a. after Adam and Eve sinned, God drove them out of the Garden of Eden and placed an angel with a flaming sword there to guard the tree of life (Gen. 2:9; 3:22, 24)
b. by guarding that tree, God prevented our forebears from eating the fruit of the tree of life and thus living eternally in the unredeemable state in which the fallen angels exist
3. what the First Adam lost for us, the Second Adam has regained for us — an eternity of bliss and uninterrupted fellowship with the God of Creation, and each other in a place that will be ... well, like Paradise


“He who has an ear, let him hear what the Spirit says to the churches. He who overcomes will not be hurt at all by the second death.” (Revelation 2:11, NIV84)
1. listen up, this is the promise from the Lord to the Church at Smyrna (and us) ...
a. Overcomers do not have to fear wrath and hell
b. some of the Christians at Smyrna are going to suffer and die for their faith, but the great promise is that Christ has given them the crown of life — they may die once, but not twice
2. the first death pertains to one’s physical demise, the second death to being cut off forever from God
“But the cowardly, the unbelieving, the vile, the murderers, the sexually immoral, those who practice magic arts, the idolaters and all liars—their place will be in the fiery lake of burning sulfur. This is the second death.” (Revelation 21:8, NIV84)
a. there is a Heaven to be gained, and a Hell to be avoided, and only by being in Christ — only by becoming an Overcomer — do you gain heaven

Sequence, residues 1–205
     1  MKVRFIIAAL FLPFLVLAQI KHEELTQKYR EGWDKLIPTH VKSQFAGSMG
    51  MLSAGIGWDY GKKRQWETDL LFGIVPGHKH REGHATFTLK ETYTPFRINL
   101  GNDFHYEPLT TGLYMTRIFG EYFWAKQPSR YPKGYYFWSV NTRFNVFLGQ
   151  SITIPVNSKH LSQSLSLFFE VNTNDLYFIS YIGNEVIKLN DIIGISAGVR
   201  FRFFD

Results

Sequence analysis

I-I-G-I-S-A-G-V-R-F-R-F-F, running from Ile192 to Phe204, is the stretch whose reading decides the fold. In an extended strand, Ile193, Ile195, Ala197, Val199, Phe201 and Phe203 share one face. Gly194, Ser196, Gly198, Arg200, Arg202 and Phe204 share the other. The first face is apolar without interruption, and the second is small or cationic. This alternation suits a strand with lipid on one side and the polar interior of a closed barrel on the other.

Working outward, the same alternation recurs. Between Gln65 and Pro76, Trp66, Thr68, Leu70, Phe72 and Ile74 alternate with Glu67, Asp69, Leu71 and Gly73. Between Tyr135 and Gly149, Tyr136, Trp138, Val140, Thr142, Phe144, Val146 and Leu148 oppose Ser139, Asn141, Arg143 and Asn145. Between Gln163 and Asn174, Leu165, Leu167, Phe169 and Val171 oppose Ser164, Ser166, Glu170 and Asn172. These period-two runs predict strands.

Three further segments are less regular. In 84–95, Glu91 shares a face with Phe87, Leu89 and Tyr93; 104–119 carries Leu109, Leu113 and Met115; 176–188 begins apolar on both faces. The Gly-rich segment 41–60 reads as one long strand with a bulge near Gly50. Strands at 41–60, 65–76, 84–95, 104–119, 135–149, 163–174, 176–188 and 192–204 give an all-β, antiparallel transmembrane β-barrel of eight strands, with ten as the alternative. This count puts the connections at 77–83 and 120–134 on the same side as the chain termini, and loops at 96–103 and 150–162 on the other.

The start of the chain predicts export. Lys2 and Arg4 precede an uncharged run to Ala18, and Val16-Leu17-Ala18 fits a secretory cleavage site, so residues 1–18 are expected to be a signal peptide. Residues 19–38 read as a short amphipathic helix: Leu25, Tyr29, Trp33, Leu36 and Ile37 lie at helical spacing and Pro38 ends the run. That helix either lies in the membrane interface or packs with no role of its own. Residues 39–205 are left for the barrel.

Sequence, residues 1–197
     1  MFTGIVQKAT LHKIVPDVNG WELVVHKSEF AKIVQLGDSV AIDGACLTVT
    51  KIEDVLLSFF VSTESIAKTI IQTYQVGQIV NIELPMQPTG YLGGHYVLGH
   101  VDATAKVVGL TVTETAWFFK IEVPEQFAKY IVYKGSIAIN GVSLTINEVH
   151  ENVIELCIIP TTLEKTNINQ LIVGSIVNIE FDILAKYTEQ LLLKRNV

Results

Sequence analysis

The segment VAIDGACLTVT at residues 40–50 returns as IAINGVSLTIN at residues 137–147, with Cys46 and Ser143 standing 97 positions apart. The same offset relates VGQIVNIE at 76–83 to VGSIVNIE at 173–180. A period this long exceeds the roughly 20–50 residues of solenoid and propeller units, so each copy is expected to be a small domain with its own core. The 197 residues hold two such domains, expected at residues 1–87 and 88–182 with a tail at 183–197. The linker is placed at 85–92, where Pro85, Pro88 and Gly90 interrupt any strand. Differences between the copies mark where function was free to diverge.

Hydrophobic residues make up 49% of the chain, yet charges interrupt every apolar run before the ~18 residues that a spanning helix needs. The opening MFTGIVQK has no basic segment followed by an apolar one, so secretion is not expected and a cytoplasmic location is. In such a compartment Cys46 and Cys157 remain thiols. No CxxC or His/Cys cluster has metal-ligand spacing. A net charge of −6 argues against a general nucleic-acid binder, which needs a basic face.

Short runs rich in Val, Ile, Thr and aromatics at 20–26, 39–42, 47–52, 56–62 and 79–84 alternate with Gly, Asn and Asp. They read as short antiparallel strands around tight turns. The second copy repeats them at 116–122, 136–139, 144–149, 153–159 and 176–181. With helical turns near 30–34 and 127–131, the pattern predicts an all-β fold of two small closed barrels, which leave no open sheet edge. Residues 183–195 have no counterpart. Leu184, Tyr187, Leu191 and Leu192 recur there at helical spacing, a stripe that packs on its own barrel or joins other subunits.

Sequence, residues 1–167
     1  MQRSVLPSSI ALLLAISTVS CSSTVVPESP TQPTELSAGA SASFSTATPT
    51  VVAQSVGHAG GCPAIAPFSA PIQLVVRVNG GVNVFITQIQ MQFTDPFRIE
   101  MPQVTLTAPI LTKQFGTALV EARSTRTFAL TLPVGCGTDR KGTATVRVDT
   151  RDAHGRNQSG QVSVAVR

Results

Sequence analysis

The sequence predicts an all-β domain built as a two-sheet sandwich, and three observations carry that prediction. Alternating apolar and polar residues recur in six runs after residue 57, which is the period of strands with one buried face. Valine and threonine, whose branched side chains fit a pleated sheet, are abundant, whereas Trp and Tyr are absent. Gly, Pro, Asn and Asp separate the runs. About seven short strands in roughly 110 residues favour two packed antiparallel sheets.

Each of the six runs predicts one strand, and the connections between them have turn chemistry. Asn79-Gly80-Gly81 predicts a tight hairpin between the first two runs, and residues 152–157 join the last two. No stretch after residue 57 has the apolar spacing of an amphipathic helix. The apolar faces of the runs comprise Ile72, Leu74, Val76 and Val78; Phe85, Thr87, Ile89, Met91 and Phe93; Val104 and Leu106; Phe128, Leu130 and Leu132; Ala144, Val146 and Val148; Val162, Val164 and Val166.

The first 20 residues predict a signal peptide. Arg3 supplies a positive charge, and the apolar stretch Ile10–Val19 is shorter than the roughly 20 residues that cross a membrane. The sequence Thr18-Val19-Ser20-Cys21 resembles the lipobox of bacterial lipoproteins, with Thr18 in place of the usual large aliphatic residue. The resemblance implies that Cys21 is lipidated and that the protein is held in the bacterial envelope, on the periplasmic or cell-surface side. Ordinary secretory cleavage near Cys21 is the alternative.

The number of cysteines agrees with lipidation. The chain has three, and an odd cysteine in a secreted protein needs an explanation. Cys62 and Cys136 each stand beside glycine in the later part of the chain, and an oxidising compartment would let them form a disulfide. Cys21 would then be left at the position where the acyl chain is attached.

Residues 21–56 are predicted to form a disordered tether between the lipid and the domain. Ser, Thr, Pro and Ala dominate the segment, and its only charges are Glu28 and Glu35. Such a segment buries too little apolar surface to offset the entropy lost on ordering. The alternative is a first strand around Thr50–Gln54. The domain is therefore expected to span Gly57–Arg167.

“He who has an ear, let him hear what the Spirit says to the churches. To him who overcomes, I will give some of the hidden manna. I will also give him a white stone with a new name written on it, known only to him who receives it.” (Revelation 2:17, NIV84)
ILLUS. Jewish legend told the story of “hidden manna.” A jar of the manna that fell in the wilderness was placed in the ark (Exod. 16:32–34; cf. Heb. 9:4). Tradition said that at the time of the destruction of Solomon’s temple, the Prophet Jeremiah was told by God to take the ark and hide it underground at Mount Sinai, there to await the end of history, when the Messiah would place the ark in the new temple. The Hidden Manna, therefore is connected to the messianic feast of the end times and refers to the eternal bliss of heaven.
1. listen up, this is the promise from the Lord to the Church at Pergamum (and us) ...